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Renegotiated television contracts from the Big Ten Conference will give athletic conference revenue at the UI a $13.4 million bump from the $61.8 million the university saw last year.

ISU Athletics is expecting to earn around $114.2 million in revenue for fiscal year 2025, $2.7 million more than the fiscal year 2024 budget. Cyclone Football is also expecting increased ticket sales due to an additional home game, and the athletic department is also planning to see increased ticket sales for women’s basketball and wrestling. The biggest bump is expected to come from women’s basketball, with the budget line increasing from $450,000 to $700,000.

However, with changes to collegiate athletics conferences and tournaments, ISU Athletics has put certain projects on hold and “is continuing to make operational and personnel changes as necessary,” according to the budget document.

With four universities added to the Big 12 Conference as of July 1, ISU and the other continuing  conference members will receive $40 million less in Big 12 contributions through fiscal year 2031 than what was previously expected, according to the regents document.

Also impacting the ISU athletic department’s budget is the College Football Playoff expansion, which makes it so playoff revenues aren’t equally distributed among the different conferences, according to the document.

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“With two athletic conferences essentially receiving the contractual increases in television revenue resulting from the new playoff format, the revenue allocations to members of the Big 12 conference will remain flat,” the document stated. “The financial impact of this change is approximately $5M per year (through FY 2031) when compared to earlier projections.”

The University of Northern Iowa, the only state university to provide support to its athletics department, is also the only university to expect a decrease in revenue for its athletics this upcoming fiscal year. According to the budget document, athletics revenue is projected to fall from around $14.8 million to just under $14.7 million.

As with previous years, UNI men’s basketball doesn’t have game guaranteed revenue to include in the budget yet.

“Sports income for football includes game guarantee revenue resulting in a budgeted revenue increase when compared to the FY 2024 budget,” the budget document stated. “Conversely, men’s basketball has no game guaranteed revenue on the schedule at this time.”

The university will also see a more than $1 million reduction in revenue from marketing due to its new contract with sports marketing company Learfield. The UI will only see a $150,000 decrease in its income from the contract it holds with Learfield, according to the document.

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UNI will allocate $3.26 million in operational support, $1.28 million in scholarship funding and $485,000 for “one-time support,” according to the regent document.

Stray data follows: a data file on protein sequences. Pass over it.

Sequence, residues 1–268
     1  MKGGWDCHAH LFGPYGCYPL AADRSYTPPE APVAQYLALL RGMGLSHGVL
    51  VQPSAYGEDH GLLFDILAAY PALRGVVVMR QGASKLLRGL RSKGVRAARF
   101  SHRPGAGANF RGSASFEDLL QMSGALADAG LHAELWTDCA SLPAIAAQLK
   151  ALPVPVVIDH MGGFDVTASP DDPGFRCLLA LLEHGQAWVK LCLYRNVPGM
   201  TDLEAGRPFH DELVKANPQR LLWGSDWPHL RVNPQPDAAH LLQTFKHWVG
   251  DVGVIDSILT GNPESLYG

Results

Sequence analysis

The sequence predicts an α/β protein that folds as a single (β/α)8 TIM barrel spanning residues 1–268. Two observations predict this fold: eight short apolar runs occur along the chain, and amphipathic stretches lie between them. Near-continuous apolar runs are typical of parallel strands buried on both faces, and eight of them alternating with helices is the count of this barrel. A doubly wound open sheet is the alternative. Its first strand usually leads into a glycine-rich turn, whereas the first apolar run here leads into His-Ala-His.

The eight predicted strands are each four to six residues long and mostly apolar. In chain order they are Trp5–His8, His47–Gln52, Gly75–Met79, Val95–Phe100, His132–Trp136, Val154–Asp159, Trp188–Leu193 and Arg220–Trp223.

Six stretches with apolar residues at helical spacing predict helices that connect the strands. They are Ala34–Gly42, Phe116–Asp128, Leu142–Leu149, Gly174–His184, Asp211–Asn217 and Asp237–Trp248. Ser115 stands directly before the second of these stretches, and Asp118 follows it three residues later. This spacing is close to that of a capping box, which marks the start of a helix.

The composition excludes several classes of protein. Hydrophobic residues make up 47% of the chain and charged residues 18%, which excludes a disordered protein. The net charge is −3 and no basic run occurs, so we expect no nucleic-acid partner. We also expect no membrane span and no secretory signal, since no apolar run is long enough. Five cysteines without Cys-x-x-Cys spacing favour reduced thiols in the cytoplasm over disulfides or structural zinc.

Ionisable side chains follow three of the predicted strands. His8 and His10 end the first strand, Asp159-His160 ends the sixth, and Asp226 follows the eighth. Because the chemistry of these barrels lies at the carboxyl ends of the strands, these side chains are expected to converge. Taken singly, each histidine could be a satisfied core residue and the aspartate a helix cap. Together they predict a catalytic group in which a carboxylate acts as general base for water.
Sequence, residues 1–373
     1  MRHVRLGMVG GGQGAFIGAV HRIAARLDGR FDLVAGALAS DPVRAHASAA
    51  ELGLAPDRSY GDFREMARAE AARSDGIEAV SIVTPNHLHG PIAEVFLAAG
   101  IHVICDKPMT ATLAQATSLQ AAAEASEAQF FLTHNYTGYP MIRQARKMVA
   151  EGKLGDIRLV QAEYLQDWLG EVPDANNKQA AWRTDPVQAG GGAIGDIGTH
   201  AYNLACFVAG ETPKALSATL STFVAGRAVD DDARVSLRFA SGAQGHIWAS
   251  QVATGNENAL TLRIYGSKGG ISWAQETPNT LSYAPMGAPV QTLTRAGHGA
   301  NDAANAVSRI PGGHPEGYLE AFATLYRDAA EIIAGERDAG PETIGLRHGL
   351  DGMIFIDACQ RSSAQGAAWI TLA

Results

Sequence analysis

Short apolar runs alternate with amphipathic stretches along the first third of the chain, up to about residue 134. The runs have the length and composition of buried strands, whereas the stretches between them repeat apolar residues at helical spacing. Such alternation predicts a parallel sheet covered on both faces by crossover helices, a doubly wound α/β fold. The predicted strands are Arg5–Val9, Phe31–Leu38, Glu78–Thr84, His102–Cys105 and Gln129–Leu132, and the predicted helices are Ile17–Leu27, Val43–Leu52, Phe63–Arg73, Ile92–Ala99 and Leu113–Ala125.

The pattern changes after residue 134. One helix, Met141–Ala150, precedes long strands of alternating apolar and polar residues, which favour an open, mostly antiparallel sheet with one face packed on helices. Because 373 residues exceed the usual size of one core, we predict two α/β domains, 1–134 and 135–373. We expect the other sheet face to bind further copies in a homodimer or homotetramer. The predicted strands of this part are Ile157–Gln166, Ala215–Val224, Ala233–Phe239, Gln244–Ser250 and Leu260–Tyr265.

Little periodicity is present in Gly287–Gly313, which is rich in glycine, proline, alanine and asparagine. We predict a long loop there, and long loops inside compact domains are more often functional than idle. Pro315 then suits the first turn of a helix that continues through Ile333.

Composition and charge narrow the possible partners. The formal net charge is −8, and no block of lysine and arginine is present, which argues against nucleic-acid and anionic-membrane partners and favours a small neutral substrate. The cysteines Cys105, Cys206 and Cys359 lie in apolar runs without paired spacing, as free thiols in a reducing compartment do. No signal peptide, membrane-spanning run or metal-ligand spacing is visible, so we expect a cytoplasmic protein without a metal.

The university included an almost $100,000 increase in income from UNI football, but decreases in other men’s and women’s sports.



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Kirk Ferentz still committed to Iowa after watching friends Bill Belichick, Nick Saban move on

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Kirk Ferentz still committed to Iowa after watching friends Bill Belichick, Nick Saban move on


INDIANAPOLIS (AP) — Iowa coach Kirk Ferentz watched two of his best coaching friends, Bill Belichick and Nick Saban, leave football after last season.

So, naturally, college football’s longest-tenured coach smiles and nods as he reflects on his own potential exit.

“All of us have to do that,” the 68-year-old Ferentz said Wednesday at Big Ten Media Days. “Fifteen years ago, the pause was going to come because I was going to get fired. I’m not saying that’s not a possibility as we move forward, but it’s probably a little less a percentage and more realistic toward retirement. At some point, you retire. It’s up to everybody. Both Bill and coach Saban are older than I am.”

The connection runs deep for Ferentz.

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In what seems like a lifetime ago, he and Saban were assistants on Belichick’s staff with the NFL’s Cleveland Browns coach from 1993-95.

Ferentz enters his 26th season as the Hawkeyes’ coach with a 208-140 record and as the school’s career leader in victories. His only Big Ten titles came in 2002 and 2004, and his contract, which pays $7 million per year, runs through 2029.

The Hawkeyes should be strong again this year, returning a veteran group from a squad that went 10-4 in 2023. Ferentz has hired a new offensive coordinator, Tim Lester, to replace his son Brian in hopes of producing more points. Iowa also believes former Michigan quarterback Cade McNamara could be part of the solution after suffering a season-ending knee injury in the Hawkeyes’ third game last year.

Meantime, Ferentz has been checking in on his friends.

“He and I have exchanged some notes, but we haven’t had a personal conversation,” Ferentz said when asked about Belichick. “I’m a little lower level than those guys, easily. They’ve got a little seniority on me, but it’s all relative, too. They’re both in good health. I feel good. As long as you feel good and like what you’re doing, you keep doing it.”

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Ferentz has been around long enough to see the Big Ten nearly double in size, with 18 members, athletes getting paid and the transfer portal. It’s not a world he recognizes.